Composite indicators (CIs) integrate a large amount of information in a format that is easily understood and are therefore a valuable tool for conveying a summary assessment of performance in priority areas. However, the construction of composite measures creates specific methodological challenges. Any CI may be considered as a model (OECD, 2008) where the CI is the response variable and the covariates are all the subjective judgements - the sources of uncertainties - which have to be made (e.g. the selection of individual indicators, the choice of normalisation methods, weighting schemes, aggregation model etc.). All these potential sources of uncertainty should be addressed because they affect both the variance of the CIs and the variability of any rankings based on CIs. In this context, sensitivity analysis can be considered as an appropriate tool to assess such uncertainties because it studies how the variation in the output can be apportioned to different sources of variation in the assumptions. Its primary aim is hence to quantify the overall uncertainty in CIs - and in country/institution rankings based on CIs - as a result of the uncertainties in the model input. This work investigates the degree to which composite measures are an appropriate metric for evaluating and ranking the research performance of Italian universities. Do they reflect accurately the performance of universities? To what degree are they influenced by the uncertainty surrounding underlying indicators on which they are based? The construction of composite measures creates specific methodological challenges. We address these through an analysis of some individual indicators put forward by the Italian Steering Committee for Research Evaluation (CIVR). To construct a composite indicator (CI) of scientific research, five normalisation methods, a weighting scheme, and two aggregation schemes have been computed and combined, resulting in 135 CIs. The variation in the rankings assigned by the CIs to the Universities has been explored to gauge the robustness of the CIs rankings. The analysis suggests that the judgements that have to be made in the construction of the composite can have a significant impact on the resulting score and that technical and analytical issues in the design of CIs have important policy implications.

Composite indicators of scientific research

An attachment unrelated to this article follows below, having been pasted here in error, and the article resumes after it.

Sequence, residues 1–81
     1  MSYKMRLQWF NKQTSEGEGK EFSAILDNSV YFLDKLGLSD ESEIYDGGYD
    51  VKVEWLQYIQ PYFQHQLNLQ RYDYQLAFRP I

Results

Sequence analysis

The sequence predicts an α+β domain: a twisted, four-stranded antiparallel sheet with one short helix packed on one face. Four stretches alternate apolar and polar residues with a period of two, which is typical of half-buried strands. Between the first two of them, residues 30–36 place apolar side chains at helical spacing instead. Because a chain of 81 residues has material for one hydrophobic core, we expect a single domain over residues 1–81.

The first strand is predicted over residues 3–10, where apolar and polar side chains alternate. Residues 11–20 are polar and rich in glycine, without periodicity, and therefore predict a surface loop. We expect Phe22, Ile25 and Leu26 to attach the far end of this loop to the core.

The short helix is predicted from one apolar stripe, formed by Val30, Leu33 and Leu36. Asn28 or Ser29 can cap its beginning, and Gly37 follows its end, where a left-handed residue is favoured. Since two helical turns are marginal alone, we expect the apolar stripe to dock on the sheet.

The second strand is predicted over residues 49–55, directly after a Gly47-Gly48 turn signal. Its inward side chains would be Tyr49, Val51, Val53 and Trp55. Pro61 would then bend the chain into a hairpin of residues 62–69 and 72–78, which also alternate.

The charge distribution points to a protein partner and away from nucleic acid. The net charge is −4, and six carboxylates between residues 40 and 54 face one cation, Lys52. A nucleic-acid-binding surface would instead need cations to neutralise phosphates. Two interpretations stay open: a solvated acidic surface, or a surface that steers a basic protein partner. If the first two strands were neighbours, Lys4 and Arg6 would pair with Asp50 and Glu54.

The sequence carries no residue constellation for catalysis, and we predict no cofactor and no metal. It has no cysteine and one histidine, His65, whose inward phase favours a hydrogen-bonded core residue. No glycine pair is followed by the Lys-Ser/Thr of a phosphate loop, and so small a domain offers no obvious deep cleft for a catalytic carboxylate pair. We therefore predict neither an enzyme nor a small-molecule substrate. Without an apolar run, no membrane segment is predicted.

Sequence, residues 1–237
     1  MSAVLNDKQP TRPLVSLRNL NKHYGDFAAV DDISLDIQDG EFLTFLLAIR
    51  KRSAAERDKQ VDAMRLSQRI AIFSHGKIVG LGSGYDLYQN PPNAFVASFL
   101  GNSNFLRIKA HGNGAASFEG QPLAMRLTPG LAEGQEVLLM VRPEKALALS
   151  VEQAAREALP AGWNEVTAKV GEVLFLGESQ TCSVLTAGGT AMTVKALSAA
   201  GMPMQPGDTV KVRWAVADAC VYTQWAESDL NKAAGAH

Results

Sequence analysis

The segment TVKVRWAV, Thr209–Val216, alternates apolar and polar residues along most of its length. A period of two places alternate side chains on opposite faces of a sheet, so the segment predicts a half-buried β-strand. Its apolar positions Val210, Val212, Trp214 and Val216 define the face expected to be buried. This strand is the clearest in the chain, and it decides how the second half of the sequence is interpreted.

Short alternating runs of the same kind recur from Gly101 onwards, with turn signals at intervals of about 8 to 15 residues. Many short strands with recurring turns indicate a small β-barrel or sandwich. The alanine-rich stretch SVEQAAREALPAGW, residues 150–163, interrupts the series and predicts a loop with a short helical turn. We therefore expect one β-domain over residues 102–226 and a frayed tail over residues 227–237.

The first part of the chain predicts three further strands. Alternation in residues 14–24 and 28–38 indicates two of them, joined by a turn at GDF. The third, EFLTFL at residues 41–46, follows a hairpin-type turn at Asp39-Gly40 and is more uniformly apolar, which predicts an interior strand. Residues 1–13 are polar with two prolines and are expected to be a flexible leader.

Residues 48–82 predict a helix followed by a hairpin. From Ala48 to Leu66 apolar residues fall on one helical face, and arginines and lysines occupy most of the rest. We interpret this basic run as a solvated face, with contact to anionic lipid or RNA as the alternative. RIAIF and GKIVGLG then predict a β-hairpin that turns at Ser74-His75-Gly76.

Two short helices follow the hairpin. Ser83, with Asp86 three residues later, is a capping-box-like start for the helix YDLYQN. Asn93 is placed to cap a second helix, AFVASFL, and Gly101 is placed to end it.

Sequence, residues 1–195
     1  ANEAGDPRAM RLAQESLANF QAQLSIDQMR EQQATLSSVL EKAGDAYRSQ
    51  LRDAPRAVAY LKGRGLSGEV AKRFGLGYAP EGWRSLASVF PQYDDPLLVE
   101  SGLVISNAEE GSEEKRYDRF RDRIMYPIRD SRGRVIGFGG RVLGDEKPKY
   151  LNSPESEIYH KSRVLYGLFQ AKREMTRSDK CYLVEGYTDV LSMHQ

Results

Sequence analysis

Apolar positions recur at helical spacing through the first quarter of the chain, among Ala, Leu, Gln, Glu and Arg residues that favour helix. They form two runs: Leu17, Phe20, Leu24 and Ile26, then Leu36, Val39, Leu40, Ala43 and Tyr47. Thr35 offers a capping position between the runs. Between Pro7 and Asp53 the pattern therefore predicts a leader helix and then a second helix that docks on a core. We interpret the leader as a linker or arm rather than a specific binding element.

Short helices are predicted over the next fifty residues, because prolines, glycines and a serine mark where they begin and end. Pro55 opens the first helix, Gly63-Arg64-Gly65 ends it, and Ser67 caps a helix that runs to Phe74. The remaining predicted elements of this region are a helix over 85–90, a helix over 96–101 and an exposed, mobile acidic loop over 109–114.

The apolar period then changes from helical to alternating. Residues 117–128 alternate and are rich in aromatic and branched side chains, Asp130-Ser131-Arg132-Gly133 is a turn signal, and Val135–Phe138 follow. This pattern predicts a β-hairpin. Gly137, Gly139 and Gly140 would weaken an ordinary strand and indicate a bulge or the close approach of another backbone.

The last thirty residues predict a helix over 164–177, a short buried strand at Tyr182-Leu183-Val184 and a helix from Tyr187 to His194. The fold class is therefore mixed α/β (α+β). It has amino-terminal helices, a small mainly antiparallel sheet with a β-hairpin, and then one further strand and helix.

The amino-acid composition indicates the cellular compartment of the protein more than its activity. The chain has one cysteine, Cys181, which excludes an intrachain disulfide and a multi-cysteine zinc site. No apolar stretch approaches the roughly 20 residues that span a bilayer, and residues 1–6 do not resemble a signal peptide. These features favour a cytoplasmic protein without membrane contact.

GNALDI, MICHELA;RANALLI, Maria Giovanna
2009-01-01

Abstract

Composite indicators (CIs) integrate a large amount of information in a format that is easily understood and are therefore a valuable tool for conveying a summary assessment of performance in priority areas. However, the construction of composite measures creates specific methodological challenges. Any CI may be considered as a model (OECD, 2008) where the CI is the response variable and the covariates are all the subjective judgements - the sources of uncertainties - which have to be made (e.g. the selection of individual indicators, the choice of normalisation methods, weighting schemes, aggregation model etc.). All these potential sources of uncertainty should be addressed because they affect both the variance of the CIs and the variability of any rankings based on CIs. In this context, sensitivity analysis can be considered as an appropriate tool to assess such uncertainties because it studies how the variation in the output can be apportioned to different sources of variation in the assumptions. Its primary aim is hence to quantify the overall uncertainty in CIs - and in country/institution rankings based on CIs - as a result of the uncertainties in the model input. This work investigates the degree to which composite measures are an appropriate metric for evaluating and ranking the research performance of Italian universities. Do they reflect accurately the performance of universities? To what degree are they influenced by the uncertainty surrounding underlying indicators on which they are based? The construction of composite measures creates specific methodological challenges. We address these through an analysis of some individual indicators put forward by the Italian Steering Committee for Research Evaluation (CIVR). To construct a composite indicator (CI) of scientific research, five normalisation methods, a weighting scheme, and two aggregation schemes have been computed and combined, resulting in 135 CIs. The variation in the rankings assigned by the CIs to the Universities has been explored to gauge the robustness of the CIs rankings. The analysis suggests that the judgements that have to be made in the construction of the composite can have a significant impact on the resulting score and that technical and analytical issues in the design of CIs have important policy implications.
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Utilizza questo identificativo per citare o creare un link a questo documento: https://hdl.handle.net/11391/168201
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